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Re: Ask A Pro Live: Opening Up To Parents

I also wanted share this awesome article from our content team on 6 tips for talking to your parents about mental health – there’s a heap of really clear and practical tips there! From a parent’s perspective, I can honestly say that I would do anything humanly possible to support my kids, but I also don’t always get it right the first time. If your parents don’t respond the way you were hoping, they may just need more time, or you may need to lean on other people in your life for support . Parents may also be struggling with their own mental health- but hopefully seeing you being really open and honest about where you’re at could also be a really valuable lesson for them, and encourage them to get help for themselves.

I’d love to know what people have tried that’s worked for them talking to their parents too!!

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Re: Ask A Pro Live: Opening Up To Parents

You're totally right @Lost_Space_Explorer5 ! I used to go to the zoo with my younger cousin all the time and i'm still like "um... wanna go to the zoo?!" And she's like "uhh.... i'm 17 now..."

But come on who doesn't love the zoo?! 

Re: Ask A Pro Live: Opening Up To Parents

@Lost_Space_Explorer5  she did spaghetti and meatballs, in a slow cooked sauce that simmered for 2 hours, she did everything from scratch and it was amazing! Also have to admit that she's known how to make a proper coffee on our espresso machine thingy for 2 years or so, one of our better parenting hacks that one Smiley Wink

 

 

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Re: Ask A Pro Live: Opening Up To Parents

I think those are some good ideas @Janine-RO! Smiley Happy I think you're right that a lot of parents don't really understand much about mental health conditions, or even physical health conditions. I'm constantly having to explain things about my symptoms to my parents and they're in the medical profession. Sometimes, they don't get why I'm able to do a certain thing (usually to do with my vision) on one day or time, but can't do it at other times. My mum also thinks my restless legs syndrome is 'just a cramp'. Smiley LOL I think a lot of parents also think about other people who have had the same conditions when everyone's symptoms are different.

Re: Ask A Pro Live: Opening Up To Parents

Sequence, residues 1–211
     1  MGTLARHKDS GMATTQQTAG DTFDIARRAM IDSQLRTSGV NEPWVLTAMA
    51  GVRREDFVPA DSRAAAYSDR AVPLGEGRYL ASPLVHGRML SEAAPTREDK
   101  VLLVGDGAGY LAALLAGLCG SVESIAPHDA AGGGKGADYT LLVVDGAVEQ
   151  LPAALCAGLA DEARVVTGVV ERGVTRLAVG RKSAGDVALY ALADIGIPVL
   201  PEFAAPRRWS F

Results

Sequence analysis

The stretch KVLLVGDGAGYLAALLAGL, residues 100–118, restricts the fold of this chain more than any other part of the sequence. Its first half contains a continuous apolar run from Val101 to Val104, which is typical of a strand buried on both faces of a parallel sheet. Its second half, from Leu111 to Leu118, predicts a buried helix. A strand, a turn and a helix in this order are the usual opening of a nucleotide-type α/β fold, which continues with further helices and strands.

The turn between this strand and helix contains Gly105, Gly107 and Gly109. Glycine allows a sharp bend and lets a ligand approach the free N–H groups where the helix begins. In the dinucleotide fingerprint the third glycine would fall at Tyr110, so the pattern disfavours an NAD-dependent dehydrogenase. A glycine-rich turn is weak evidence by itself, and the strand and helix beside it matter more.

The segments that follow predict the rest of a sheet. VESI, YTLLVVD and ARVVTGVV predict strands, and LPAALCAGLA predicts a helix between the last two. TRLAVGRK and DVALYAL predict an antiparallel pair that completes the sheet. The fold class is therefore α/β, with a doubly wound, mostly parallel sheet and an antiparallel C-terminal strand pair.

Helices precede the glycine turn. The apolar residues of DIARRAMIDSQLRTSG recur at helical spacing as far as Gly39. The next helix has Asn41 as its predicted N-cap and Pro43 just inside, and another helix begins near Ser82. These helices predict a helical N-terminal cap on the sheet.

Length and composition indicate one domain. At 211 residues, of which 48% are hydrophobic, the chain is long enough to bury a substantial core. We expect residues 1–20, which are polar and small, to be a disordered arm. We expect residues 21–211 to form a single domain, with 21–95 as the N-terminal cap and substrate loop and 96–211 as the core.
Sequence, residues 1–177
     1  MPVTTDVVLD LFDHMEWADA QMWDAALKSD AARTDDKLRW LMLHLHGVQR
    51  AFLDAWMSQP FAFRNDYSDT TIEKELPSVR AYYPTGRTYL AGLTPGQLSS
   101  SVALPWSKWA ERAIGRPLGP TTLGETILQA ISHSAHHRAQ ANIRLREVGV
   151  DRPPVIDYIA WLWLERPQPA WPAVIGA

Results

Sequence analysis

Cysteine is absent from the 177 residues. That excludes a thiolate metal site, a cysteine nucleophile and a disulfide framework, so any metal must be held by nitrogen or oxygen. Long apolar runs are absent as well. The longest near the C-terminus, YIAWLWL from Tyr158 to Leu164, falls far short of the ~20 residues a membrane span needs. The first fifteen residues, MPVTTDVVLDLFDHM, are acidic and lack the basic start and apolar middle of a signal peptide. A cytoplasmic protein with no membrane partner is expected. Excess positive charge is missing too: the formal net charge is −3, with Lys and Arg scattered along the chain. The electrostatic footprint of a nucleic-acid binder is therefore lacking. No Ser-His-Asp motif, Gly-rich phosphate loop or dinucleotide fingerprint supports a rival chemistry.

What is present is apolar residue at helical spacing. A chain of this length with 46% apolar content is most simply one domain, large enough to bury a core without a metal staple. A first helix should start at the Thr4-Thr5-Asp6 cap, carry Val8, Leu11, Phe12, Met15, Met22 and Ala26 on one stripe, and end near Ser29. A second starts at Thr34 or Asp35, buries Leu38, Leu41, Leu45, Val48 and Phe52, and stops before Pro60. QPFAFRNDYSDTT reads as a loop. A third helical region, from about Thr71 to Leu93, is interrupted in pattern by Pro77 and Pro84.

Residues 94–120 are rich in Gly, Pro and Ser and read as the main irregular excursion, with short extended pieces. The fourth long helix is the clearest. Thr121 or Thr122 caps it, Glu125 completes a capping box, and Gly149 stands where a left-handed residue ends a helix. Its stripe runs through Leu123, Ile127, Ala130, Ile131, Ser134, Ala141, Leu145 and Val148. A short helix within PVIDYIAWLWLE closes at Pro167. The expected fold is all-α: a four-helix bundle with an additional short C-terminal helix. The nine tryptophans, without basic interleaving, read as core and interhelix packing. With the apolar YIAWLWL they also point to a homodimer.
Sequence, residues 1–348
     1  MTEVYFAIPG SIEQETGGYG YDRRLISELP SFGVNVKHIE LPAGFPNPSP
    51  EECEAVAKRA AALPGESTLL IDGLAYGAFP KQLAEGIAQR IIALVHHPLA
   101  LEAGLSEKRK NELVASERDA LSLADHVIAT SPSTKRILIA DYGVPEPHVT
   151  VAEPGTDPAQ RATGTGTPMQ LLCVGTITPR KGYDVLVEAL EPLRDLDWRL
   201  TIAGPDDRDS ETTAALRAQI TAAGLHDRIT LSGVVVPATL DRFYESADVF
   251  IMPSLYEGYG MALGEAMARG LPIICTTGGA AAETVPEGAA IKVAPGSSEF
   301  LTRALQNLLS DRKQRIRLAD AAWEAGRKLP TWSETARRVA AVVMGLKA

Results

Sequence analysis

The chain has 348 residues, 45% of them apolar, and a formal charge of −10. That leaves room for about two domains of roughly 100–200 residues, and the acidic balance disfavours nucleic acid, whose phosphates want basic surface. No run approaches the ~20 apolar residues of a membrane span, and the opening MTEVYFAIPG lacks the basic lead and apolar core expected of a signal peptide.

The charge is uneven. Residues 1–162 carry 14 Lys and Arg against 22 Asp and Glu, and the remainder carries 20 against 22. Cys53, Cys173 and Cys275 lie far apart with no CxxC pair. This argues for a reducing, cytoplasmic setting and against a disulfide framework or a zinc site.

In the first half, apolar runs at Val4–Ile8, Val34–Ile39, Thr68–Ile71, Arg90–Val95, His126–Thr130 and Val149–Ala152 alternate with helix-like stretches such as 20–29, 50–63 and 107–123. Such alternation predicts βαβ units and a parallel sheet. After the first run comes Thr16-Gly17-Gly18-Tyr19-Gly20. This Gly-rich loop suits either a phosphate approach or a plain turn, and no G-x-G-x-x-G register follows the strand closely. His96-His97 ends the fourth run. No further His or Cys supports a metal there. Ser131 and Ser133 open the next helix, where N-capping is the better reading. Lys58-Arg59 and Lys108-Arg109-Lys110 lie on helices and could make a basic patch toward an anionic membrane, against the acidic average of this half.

Thanks for that @Janine-RO, some amazing tips in there! 

NEW Q TIME!

 

This is a great question, V keen to hear your thoughts peeps...

 

How do I get them to listen to me without being dismissive and intimidating? what do you do if you get misunderstood/ kind of brushed off?

 

No one wants to be dismissed like this - 

Get Down Dancing GIF by reactionseditor

Re: Ask A Pro Live: Opening Up To Parents

That is so true @WheresMySquishy , and I think there's been a pretty big change over the last few generations with how much we know and speak about mental health. There's still a long way to go but I do think it's amazing how much more we're able to speak about mental health - it must feel so frustrating when your parents don't really seem to get what is going on for you Smiley Sad And yes, so important to recognise that people's experiences can be so different 

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Re: Ask A Pro Live: Opening Up To Parents

Haha that gif though @Hannah-RO Smiley Tongue! Yup, I'm a kid at heart so the zoo is always exciting Smiley Very Happy @Janine-RO Woah, that's amazing she cooked that! And the coffee! Your own private barista and chef Smiley Tongue

Re: Ask A Pro Live: Opening Up To Parents

Hey, I made it! Be right back, just catching up. Smiley Tongue

Re: Ask A Pro Live: Opening Up To Parents

Hahahaha @Hannah-RO  you actually made me laugh out loud with that GIF! That is totally something I would do Cat LOL

 

I think this next question is such an important one, and I think it actually follows on from what you were saying, @WheresMySquishy 

 

I think a lot of parents can sometimes have a gut reaction to be dismissive about their kids talking about mental health issues- this might be because they don’t know a lot about mental health, or feel like it’s an attack on their parenting, or are just really uncomfortable with the situation and so minimise what you’re saying.  

Some parents may also have their own experience with mental health issues in their past.

Unfortunately there’s still a lot of myths out there about mental health as well – and parents may have their own baggage about this stuff. There’s also a lot of cultural differences that may also shape how parents view mental health.

 

  • You may need to practice talking in a way that’s assertive, without being aggressive – so if they’re dismissive about what you’re experiencing  (“ What do you have to complain about? You have a roof over your head, you don’t have to pay rent, you’re just having a bad day..”) it is totally okay to push back a bit- e.g. say you don’t want to be feeling like this, and it’s nothing to do with those things, but you need some help. It might also help them to see info from a site like ReachOut about what depression looks like. I really loved these infographics that our content team developed, for example:

Depr_Infographic_See_FB

 

signs and symptoms of depression infographic what you dont see

  • It may also be a conversation that you need to have a few times- your parents may need some time to process what you’ve said, especially if it’s made them feel guilty, or ashamed, or defensive.

 

  • If your parent is being really intimidating, a letter or email could be a better way to go. Or have a friend with you, for extra support.
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Re: Ask A Pro Live: Opening Up To Parents

Hello @Hozzles ! Delighted you could join us on this fine evening Smiley Very Happy